“Christmas on Cellblock 9” from See Your Shadow Songwriting

If you’re like me, then you don’t need the excuse of a calendar alert you that it’s time to listen to holiday music. So, the window between Thanksgiving and Christmas is an overload of fun and joy, to say the least. One new song on Santa’s list is the audacious new standout “Christmas on Cellblock 9” from See Your Shadow Songwriting. The type of song that puts more tinsel into the lyrical content than most, “Christmas on Cellblock 9” never trims on the Christmas cheer. It’s a funny, hop-along, sing along ride.

The holidays just wouldn’t be the same without having something to cheer about. “Christmas on Cellblock 9” starts out a bit dark, a bit of a dreary night. The singer is walking home on Christmas eve and is arrested. It’s a case of mistaken identity, but low and behold, there is he on Christmas eve in jail. He can’t make bail and has to rough it for the night amongst a Santa that has had a bit too much to drink, and few mentally checked-out inmates. He’s worried about well, you know Bubba getting a bit too friendly with him under the mistletoe and decking the walls behind the concrete walls. Aren’t most folks’ Christmases like this? Just kidding. There’s a lot of jolly happening in the story line and for See Your Shadow Songwriting, which is led by Michael Coleman, this riot of a tale is just the holiday distraction we need.

See Your Shadow gets its name from Coleman’s ‘Groundhog Day’ birthday. He’s based in Arizona and has previously focused more on dance club music and writing for television and film. “Christmas on Cellblock 9” is his first holiday track, and a follow-up to his previous country hits “I Will Tell Jesus You Said Hello” and “My Worth”. Coleman works with a variety of singers, and his voice isn’t the one you hear on “Christmas on Cellblock 9”. The voice that listeners do hear, well, it’s perfect for a holiday song. It’s cheerful and if you close your eyes, you can imagine it the same voice you would hear on a Hallmark movie. It would be nice to have a bit more character in the voice, but for a country song, the story does the talking.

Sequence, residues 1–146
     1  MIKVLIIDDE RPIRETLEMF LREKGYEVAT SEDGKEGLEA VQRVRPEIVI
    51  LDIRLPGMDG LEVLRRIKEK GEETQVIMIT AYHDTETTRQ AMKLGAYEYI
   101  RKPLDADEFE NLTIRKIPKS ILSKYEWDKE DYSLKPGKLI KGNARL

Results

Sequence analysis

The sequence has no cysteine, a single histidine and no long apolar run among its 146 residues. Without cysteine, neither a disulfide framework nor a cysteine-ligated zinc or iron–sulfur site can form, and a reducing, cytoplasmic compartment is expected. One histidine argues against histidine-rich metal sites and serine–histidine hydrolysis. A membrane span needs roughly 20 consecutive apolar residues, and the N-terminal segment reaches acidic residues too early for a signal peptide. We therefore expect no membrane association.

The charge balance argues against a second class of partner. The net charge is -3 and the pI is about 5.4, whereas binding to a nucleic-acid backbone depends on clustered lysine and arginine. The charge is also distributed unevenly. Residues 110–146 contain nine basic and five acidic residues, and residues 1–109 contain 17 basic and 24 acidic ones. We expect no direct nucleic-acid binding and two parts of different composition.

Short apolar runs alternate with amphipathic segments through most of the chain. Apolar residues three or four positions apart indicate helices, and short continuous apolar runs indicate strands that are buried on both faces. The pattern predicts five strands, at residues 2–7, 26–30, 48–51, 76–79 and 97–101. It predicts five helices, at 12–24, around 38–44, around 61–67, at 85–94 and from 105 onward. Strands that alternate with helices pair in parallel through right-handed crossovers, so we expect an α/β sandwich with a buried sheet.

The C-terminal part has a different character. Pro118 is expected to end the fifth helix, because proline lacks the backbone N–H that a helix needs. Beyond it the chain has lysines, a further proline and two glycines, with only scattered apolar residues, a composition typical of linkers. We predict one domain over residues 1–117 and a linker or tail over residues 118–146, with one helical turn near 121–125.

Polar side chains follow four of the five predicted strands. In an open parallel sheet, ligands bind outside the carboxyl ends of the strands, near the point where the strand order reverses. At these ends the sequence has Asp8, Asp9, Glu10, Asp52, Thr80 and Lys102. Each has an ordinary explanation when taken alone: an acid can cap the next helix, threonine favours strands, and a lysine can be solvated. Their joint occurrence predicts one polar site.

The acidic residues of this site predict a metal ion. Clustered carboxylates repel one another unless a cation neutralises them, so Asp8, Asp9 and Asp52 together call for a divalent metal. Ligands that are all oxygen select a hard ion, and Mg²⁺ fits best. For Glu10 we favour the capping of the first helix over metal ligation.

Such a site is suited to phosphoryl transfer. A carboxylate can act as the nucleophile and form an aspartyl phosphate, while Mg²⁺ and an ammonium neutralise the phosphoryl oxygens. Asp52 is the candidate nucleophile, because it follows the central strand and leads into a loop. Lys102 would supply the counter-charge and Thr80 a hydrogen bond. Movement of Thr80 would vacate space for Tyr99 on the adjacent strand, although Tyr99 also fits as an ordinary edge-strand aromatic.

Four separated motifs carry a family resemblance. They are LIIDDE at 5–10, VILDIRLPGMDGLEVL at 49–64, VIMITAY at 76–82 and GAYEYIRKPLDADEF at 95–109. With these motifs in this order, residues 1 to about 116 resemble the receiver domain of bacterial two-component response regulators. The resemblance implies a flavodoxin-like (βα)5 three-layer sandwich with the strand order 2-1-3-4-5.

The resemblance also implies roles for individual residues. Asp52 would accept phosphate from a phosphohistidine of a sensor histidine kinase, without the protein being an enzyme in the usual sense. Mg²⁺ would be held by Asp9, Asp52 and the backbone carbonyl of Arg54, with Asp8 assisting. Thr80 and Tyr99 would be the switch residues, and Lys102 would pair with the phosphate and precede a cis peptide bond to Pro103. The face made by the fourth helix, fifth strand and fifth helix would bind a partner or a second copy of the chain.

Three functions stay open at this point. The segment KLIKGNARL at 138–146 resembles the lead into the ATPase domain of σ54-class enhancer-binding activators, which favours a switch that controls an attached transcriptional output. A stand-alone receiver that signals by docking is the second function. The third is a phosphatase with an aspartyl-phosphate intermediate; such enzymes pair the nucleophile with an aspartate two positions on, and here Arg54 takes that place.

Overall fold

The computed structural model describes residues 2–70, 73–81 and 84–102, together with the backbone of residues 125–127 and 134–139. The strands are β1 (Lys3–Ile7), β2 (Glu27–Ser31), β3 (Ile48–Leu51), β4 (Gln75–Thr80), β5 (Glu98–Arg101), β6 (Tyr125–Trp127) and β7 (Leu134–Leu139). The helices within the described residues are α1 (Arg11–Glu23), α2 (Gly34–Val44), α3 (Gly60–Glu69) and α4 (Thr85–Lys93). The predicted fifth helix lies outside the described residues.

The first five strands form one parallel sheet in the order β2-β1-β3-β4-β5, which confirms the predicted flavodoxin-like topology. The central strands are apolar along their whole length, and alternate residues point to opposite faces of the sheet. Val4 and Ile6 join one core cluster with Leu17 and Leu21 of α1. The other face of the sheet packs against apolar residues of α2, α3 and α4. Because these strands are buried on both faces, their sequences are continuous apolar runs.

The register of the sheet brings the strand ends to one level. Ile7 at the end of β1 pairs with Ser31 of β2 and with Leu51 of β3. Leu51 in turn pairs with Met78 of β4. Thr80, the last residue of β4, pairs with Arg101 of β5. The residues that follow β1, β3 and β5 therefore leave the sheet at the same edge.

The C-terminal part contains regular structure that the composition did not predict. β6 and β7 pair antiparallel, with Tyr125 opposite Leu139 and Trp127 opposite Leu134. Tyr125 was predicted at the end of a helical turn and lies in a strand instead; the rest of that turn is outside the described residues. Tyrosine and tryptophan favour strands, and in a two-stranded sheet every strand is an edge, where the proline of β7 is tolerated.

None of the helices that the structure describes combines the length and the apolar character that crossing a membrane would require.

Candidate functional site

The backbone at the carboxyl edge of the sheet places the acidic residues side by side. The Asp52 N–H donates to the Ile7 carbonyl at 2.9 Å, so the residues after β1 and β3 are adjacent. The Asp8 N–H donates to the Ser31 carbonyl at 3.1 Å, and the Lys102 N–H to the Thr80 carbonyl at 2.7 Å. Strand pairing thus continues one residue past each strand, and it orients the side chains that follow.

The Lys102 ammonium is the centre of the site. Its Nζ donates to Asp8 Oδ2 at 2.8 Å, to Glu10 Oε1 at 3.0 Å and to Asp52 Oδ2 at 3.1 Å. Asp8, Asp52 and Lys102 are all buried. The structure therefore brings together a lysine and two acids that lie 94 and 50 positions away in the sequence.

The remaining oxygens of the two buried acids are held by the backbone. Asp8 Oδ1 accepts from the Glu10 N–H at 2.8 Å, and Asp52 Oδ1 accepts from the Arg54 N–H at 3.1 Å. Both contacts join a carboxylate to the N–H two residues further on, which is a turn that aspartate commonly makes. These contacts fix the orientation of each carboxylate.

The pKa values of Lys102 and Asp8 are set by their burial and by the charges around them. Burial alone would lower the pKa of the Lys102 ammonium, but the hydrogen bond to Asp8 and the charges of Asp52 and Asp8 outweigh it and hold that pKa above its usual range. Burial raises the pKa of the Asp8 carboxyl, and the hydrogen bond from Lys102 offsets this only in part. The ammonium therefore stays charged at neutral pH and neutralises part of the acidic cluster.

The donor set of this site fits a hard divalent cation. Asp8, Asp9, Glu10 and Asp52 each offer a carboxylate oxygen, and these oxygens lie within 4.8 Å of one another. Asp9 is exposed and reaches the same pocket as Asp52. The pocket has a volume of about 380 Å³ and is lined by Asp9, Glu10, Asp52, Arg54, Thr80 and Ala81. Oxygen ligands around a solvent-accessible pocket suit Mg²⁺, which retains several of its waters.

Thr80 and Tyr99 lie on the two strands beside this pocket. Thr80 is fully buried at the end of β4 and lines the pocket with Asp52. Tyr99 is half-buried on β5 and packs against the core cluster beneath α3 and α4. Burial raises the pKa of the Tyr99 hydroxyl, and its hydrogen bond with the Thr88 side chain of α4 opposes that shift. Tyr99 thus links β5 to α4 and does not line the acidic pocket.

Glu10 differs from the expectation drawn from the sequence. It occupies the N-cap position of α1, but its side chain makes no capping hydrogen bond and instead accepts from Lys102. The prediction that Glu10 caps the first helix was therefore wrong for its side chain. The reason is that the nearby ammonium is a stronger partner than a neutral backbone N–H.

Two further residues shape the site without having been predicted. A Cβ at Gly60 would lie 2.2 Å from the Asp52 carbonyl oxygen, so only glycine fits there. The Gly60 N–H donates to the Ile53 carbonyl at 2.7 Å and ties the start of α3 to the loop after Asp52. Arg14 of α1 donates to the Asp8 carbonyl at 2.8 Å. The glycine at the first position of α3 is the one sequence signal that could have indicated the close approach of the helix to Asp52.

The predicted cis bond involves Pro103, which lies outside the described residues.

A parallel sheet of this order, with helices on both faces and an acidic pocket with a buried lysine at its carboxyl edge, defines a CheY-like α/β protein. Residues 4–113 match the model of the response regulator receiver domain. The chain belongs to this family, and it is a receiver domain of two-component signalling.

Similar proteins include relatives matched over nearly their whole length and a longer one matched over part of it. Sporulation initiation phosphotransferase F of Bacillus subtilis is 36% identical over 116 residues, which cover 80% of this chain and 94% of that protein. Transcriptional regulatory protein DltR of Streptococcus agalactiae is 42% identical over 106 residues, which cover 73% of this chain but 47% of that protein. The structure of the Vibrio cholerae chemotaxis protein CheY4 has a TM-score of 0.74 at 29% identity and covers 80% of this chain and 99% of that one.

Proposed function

The song’s guitar work is outstanding. I found the arrangement to be almost pop rock. There is definitely comparisons to some current country hits, but you can tell Coleman has a penchant for the lyrics. He’s a lot like Marty Robbins and Hank Williams in that regard. He’s not being boastful or putting everything but kitchen sink into the song. I think he did a great job of editing himself and putting together a solid, clean, short ditty. I think many artists try to overdo the whole Christmas thing and at times it can be patronizing. This is not the case. “Christmas on Cellblock 9” is about as good of telling a story as you can get. High praise indeed.

Michael Rand

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